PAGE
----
Saqo Ali Ibrahim could not afford to sit idle when food aid stopped being delivered to her IDP camp in Lug, southern Somalia’s Gedo region, so she borrowed money and launched into the male-dominated livestock trade.
“If you sit at home, you won’t get anything, right? But when you make efforts, you get something. The little I get from here is enough to feed my family,” she said.
She borrowed money from a relative to buy her first goat to get started in the livestock trade in April and repaid the loan after selling the goat at a small profit.
Dozens of IDP women in Luq have also gone into the livestock trade. Food aid distributions from both World Vision, and Trócaire via local NGO Somali Humanitarian Relief Action (SHRA), ceased in 2020 due to COVID19 restrictions.
Saqo’s elderly husband does not work so she was forced to step up to support their six children. She is now making a decent 40,000 to 70,000 Somali shillings ($1.48-$2.5) a day selling goats, which enables her to cook twice a day.
“The main market is far from our home, so we buy the goats from the vehicles that transport them from the rural areas to this small livestock market. We sell at a profit of 20,000-40,000 Somali shillings per goat. If there is no market, we take the goat home and feed it before bringing it back the next day for sale,” she explained.
Saqo, who lives in Kulmiye IDP camp, two kilometres from Luq town, walks for over an hour every morning to the livestock market. Adapting to the work was not hard for her as she comes from a pastoralist community in Dheeka, in Somali region of Ethiopia, where conflict between Oromo and Somali communities forced them to flee.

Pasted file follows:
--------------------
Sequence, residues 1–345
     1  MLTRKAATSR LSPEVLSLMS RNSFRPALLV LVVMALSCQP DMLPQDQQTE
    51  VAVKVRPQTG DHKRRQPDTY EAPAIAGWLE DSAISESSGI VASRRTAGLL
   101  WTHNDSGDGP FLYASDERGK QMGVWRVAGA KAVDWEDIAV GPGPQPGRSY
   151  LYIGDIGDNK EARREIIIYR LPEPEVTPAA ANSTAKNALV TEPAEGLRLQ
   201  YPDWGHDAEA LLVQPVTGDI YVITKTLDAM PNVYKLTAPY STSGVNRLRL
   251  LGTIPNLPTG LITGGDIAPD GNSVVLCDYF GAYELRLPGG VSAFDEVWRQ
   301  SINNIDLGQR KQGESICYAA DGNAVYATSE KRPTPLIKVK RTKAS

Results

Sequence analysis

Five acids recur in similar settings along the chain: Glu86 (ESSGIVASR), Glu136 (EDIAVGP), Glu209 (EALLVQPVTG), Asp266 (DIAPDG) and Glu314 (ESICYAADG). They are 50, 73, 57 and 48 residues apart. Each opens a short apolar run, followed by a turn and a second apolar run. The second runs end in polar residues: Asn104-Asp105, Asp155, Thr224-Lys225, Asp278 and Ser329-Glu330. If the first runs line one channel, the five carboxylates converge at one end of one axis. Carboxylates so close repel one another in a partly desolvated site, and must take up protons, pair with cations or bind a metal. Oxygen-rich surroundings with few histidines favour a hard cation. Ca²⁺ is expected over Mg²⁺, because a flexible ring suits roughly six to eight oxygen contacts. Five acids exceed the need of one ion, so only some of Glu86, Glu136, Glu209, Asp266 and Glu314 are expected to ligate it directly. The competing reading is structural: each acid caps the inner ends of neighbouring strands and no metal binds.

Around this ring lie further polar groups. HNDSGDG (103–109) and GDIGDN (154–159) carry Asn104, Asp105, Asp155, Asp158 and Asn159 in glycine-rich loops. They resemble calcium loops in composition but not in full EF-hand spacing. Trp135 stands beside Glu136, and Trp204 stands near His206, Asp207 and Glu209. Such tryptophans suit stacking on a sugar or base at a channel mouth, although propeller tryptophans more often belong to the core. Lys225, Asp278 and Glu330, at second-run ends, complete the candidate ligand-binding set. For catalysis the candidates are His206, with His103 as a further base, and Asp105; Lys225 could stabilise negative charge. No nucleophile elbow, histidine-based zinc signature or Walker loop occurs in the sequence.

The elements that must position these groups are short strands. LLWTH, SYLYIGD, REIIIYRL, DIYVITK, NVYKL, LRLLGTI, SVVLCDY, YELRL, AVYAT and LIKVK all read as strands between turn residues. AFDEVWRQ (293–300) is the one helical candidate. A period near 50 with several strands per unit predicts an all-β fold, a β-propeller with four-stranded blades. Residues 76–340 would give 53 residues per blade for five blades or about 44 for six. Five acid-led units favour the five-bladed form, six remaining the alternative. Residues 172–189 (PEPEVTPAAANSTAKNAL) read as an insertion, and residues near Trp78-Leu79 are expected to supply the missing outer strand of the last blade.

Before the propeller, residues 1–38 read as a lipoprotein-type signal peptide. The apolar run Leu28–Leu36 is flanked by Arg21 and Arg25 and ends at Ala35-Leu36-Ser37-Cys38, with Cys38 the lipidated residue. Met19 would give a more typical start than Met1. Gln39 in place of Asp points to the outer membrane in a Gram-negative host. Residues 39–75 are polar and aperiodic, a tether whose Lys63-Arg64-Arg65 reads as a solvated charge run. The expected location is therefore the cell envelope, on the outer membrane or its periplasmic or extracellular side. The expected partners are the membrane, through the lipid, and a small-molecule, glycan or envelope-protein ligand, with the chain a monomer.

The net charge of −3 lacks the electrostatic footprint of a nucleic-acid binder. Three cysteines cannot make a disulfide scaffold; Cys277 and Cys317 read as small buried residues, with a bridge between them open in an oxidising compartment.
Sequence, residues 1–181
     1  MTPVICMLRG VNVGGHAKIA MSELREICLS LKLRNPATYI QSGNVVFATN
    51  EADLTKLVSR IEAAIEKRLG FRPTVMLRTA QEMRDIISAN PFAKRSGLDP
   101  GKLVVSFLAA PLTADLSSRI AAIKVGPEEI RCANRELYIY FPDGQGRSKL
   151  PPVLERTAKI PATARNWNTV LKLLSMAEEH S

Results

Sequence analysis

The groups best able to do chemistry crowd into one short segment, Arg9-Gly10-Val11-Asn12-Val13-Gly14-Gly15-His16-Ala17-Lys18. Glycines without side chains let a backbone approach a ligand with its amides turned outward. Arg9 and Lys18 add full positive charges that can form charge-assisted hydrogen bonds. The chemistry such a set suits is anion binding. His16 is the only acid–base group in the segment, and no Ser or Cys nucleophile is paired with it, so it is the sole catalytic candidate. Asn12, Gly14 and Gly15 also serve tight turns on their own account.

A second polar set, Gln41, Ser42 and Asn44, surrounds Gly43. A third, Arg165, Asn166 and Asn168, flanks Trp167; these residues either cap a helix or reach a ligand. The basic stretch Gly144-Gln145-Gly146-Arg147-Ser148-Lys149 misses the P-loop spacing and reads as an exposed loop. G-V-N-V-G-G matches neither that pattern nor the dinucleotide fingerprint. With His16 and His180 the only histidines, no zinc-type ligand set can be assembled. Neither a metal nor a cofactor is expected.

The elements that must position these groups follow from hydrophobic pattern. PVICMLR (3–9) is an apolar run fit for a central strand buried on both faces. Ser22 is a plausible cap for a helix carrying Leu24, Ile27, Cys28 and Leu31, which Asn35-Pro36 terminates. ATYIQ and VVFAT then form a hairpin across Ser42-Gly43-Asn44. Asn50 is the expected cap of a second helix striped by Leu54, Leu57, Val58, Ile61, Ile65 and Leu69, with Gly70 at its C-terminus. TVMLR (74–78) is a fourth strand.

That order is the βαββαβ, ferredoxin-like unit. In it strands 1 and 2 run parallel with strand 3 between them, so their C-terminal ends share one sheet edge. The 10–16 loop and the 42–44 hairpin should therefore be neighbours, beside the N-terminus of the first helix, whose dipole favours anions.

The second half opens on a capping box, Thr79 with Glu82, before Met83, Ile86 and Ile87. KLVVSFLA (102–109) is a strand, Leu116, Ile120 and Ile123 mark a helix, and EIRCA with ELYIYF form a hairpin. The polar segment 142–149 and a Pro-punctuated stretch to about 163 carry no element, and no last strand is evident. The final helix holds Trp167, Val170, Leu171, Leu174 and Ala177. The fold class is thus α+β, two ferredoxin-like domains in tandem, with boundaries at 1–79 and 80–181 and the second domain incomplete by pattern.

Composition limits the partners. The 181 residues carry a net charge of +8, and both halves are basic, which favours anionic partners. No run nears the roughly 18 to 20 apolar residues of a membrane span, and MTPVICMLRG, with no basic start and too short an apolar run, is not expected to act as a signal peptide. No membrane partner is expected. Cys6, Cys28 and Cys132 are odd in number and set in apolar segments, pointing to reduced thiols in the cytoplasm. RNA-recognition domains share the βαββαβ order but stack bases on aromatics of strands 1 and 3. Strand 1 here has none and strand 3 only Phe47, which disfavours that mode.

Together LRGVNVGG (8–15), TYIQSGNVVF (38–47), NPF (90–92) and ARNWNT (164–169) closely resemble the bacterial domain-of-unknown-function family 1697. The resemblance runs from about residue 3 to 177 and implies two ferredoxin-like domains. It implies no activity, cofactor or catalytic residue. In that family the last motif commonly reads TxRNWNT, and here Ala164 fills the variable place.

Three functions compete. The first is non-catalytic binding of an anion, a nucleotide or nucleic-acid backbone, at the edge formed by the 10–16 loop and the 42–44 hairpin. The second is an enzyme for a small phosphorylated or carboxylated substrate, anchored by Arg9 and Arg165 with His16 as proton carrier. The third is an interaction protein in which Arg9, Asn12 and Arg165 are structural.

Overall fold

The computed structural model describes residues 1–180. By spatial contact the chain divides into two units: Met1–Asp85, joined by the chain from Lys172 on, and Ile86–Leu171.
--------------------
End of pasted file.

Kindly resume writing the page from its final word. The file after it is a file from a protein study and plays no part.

However, in the last two months, there has been a drop in livestock sales and prices in Luq due to the heavy consequences of prolonged drought in the region.
Saqo borrowed 1.4 million Somali shillings ($51.8) from Dubad Hassan, who has been a broker in the market for seven years. Dubad has lent four women including Saqo a total of 7,573,500 Somali shillings ($280) in the last two months to keep their businesses going. One of the women has repaid the 1,620,000 Somali shillings ($60) she borrowed but the rest still owe him.
“The women have approached us seeking our help. We introduced them to the livestock trade as the casual jobs they used to do were disrupted by COVID19. I don’t pressure them to repay my loans as the market is slow now,” he said.
Halimo Ali, another newcomer to the livestock trade, said she buys three goats every morning and sells at a profit of one dollar per goat. She is managing to cook her nine children two meals a day and has enrolled four of them in Koranic school, paying $16 in monthly fees.
“When the food aid stopped, life became tough. I used to cook one meal for my children, but since I joined this trade, my life has changed for the better,” she said.
However, Halimo, a widow, said she will quit the trade if the food aid distribution restarts as she has no one to look after her young children while she is out at the livestock market.
“My children get into fights with other children while I am busy at the market. Sometimes they are beaten, sometimes they beat other people’s children. I was forced into this trade because I have nothing to cook for my children,” she said.